Zentoku Foundation Board (from left) Helen Ota, Mark Nakakihara, Michelle Hanabusa and Curtis Nishihara. (Photo by Joey Ikemoto Photography)
From early immigration at the dawn of the Meiji era to the present-day efforts to protect the historic Japantowns, the saga of the Nikkei community will be chronicled in a documentary film funded in part by the George and Sakaye Aratani Community Advancement Research Endowment (CARE) program and UCLA Asian American Studies.
The film, entitled “Curating the Japanese American Experience,” will be produced by the Zentoku Foundation and coincides with the 150th anniversary of the arrival of the Wakamatsu tea and silk colonists to the mainland United States and the first immigrants to Hawaii in 1868.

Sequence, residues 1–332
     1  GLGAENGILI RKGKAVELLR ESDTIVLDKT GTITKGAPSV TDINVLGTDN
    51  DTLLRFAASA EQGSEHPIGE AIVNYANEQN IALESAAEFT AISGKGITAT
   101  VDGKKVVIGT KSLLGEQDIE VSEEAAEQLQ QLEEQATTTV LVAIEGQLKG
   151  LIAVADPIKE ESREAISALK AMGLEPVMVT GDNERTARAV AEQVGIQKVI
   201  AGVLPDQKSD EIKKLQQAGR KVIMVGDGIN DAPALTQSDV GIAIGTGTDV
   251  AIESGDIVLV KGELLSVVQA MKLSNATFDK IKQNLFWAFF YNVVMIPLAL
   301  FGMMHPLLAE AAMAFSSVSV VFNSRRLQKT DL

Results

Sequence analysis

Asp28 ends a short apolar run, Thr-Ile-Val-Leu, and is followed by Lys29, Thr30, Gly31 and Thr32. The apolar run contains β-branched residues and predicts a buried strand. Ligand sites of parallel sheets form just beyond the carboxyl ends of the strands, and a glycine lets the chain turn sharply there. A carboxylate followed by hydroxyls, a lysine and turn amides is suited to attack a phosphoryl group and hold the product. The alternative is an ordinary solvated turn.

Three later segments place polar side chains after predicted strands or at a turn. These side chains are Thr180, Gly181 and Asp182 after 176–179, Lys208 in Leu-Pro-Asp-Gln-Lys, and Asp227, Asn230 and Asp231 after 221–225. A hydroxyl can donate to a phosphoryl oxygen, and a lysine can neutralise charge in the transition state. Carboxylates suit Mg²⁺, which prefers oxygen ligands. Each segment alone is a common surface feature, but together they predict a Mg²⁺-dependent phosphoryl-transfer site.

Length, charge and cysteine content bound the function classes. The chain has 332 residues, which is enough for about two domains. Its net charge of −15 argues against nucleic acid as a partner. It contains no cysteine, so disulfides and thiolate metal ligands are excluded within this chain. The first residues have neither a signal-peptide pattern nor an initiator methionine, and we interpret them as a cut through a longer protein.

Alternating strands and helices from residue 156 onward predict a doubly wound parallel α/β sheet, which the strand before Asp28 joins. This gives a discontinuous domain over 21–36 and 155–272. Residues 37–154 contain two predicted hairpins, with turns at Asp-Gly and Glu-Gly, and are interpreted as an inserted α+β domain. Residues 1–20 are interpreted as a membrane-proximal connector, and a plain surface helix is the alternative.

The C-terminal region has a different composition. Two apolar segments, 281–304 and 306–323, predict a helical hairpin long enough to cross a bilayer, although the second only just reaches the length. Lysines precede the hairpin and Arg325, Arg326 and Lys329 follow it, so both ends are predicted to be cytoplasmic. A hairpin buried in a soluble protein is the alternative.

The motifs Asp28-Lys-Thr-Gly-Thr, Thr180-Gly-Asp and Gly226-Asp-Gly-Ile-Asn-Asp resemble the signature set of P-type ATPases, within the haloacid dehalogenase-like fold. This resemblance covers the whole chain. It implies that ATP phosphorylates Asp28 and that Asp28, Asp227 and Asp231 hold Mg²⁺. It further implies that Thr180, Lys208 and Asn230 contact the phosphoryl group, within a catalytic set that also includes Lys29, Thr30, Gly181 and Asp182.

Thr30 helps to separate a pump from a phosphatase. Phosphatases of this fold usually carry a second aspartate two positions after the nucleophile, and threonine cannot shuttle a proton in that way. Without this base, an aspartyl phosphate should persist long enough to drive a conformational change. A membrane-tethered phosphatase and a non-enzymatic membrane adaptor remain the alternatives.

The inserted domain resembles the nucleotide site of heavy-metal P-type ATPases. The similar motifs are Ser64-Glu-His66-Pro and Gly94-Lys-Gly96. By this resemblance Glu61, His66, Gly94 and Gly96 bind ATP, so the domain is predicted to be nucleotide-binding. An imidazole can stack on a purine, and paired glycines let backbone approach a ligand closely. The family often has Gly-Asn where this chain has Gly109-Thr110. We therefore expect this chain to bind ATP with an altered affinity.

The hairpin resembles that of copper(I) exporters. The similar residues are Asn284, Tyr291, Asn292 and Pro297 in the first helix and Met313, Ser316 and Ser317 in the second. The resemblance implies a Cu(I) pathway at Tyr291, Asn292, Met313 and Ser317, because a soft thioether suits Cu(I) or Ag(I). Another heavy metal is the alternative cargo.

Zentoku is a relatively new nonprofit founded in 2017 to: (1) collect, preserve and share the little-known true stories within the Japanese American community; (2) encourage today’s journalism professionals and prepare the next generation of storytellers, authors, and journalists; and (3) celebrate and hand down Japanese and Japanese American culture, values, and achievements.
The Aratani CARE award was established to promote projects that benefit and advance Japanese American communities.
“The documentary is one of several projects we are undertaking in the months to come,” noted Zentoku President Mark Nakakihara. “Our goal is to create something that guides us through our community’s cultural, political, and social history, capturing key moments large and small, from festivals to sports to history-making moments.”
Serving alongside Nakaihara are board directors Michelle Hanabusa, Curtis Nishihara and Helen Ota.